"The spotlight, in my estimation, should be on Wells Fargo and not the CFPB at this time," she said.

Republicans' desire to discredit the CFPB means bad news for Wells Fargo, said Jaret Seiberg of investment bank Cowen and Co.'s Washington Research Group.

"Republicans are politically motivated to find more violations to show the CFPB failed to do its job," Seiberg said in a research note. "That means more scrutiny and regulatory pressure" on Wells Fargo.

The House committee has started an investigation of Wells Fargo's improper sales tactics, which led to employees opening as many as 2 million accounts that customers didn't authorize.

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Hensarling has sent letters to Cordray and the head of the Office of the Comptroller of the Currency, the other federal banking regulator involved in the settlements, asking for documents related to the case.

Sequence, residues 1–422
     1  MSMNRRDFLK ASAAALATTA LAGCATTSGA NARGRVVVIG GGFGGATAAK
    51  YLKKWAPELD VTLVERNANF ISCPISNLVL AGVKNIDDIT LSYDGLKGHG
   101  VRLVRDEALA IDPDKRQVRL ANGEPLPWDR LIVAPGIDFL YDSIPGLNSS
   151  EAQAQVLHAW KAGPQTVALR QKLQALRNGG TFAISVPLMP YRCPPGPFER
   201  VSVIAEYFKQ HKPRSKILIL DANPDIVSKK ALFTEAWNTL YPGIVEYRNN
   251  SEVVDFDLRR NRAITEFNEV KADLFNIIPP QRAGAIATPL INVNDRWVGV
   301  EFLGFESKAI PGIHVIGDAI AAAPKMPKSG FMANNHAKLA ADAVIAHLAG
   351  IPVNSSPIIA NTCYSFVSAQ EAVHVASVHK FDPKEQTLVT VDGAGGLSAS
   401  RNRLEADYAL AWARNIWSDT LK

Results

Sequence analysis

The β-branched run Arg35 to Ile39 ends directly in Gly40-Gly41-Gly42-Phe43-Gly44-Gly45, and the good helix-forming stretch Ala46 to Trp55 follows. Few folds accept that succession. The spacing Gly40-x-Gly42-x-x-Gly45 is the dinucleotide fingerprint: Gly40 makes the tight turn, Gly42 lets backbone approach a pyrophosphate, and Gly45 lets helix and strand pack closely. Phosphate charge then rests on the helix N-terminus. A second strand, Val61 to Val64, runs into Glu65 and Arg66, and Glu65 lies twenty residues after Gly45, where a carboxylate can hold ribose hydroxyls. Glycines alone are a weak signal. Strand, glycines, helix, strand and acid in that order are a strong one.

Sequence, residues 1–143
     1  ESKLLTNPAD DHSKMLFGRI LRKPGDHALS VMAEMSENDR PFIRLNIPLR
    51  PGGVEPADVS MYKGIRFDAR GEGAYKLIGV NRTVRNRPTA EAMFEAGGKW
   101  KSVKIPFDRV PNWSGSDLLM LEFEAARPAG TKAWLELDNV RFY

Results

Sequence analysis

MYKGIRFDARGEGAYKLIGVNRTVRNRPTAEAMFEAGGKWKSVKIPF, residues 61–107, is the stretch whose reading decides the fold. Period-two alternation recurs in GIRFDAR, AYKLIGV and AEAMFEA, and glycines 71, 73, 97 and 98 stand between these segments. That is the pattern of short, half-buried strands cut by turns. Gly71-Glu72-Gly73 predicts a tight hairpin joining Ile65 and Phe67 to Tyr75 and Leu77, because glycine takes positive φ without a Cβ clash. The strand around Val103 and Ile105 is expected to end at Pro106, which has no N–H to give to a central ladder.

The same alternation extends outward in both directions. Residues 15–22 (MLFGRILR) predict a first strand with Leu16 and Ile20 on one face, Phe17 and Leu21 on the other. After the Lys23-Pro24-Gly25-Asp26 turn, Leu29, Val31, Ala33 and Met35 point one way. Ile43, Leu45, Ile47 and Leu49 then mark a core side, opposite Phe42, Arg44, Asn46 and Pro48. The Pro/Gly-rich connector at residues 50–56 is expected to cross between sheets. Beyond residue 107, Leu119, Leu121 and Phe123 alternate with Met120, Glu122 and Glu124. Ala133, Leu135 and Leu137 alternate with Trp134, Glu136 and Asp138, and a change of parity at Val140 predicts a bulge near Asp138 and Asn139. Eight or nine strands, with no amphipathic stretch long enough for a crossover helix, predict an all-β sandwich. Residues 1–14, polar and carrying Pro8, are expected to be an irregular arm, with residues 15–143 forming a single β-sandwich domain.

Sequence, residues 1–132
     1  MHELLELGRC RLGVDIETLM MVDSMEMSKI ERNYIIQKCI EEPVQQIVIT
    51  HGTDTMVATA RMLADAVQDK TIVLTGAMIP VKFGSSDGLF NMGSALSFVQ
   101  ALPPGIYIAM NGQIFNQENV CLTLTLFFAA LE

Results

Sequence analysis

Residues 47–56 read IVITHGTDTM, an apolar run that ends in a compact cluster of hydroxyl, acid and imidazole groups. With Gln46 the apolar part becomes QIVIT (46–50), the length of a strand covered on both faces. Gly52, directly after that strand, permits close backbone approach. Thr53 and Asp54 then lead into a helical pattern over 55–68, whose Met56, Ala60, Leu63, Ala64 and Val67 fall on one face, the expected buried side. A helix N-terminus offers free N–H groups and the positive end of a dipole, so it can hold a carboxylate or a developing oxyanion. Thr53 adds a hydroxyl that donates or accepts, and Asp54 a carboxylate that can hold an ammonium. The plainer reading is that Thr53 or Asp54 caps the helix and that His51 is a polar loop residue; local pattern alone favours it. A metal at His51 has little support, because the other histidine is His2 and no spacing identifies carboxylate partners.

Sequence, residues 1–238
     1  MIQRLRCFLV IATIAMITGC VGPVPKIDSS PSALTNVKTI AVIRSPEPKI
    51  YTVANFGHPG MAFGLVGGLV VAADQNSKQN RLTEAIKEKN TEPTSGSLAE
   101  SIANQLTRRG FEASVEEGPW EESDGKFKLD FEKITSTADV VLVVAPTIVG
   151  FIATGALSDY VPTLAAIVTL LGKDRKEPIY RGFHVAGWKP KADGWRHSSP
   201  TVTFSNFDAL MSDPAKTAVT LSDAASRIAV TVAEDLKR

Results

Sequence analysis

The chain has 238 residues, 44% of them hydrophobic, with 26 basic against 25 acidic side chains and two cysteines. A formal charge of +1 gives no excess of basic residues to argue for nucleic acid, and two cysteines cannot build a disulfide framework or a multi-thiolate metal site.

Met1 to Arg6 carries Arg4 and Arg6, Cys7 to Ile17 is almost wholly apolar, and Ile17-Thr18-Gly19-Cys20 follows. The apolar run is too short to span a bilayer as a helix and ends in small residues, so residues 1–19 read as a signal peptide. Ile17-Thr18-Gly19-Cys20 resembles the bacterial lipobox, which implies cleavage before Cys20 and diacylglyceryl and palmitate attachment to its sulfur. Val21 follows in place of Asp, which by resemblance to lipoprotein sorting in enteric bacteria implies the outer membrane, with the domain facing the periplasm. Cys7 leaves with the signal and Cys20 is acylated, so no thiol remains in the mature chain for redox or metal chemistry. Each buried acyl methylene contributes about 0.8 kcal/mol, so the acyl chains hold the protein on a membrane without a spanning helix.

The OCC, like other banking regulators, has often been criticized for not looking out for average Americans. But the CFPB was designed to be different, with consumer protection — not the safety and soundness of the banks — its main goal.

Cordray and Thomas Curry, the Comptroller of the Currency, testified at last week's Senate hearing. Also testifying was Jim Clark, the chief deputy for the Los Angeles city attorney's office, which filed a civil suit last year against Wells Fargo seeking refunds for consumers and an end to the practices.

"Just as it is fair to ask Mr. Stumpf what he knew, when he learned it, and what he did about it, it's also fair to ask those same questions of Wells Fargo's regulators," said Sen. Richard C. Shelby, R-Ala., the committee's chairman.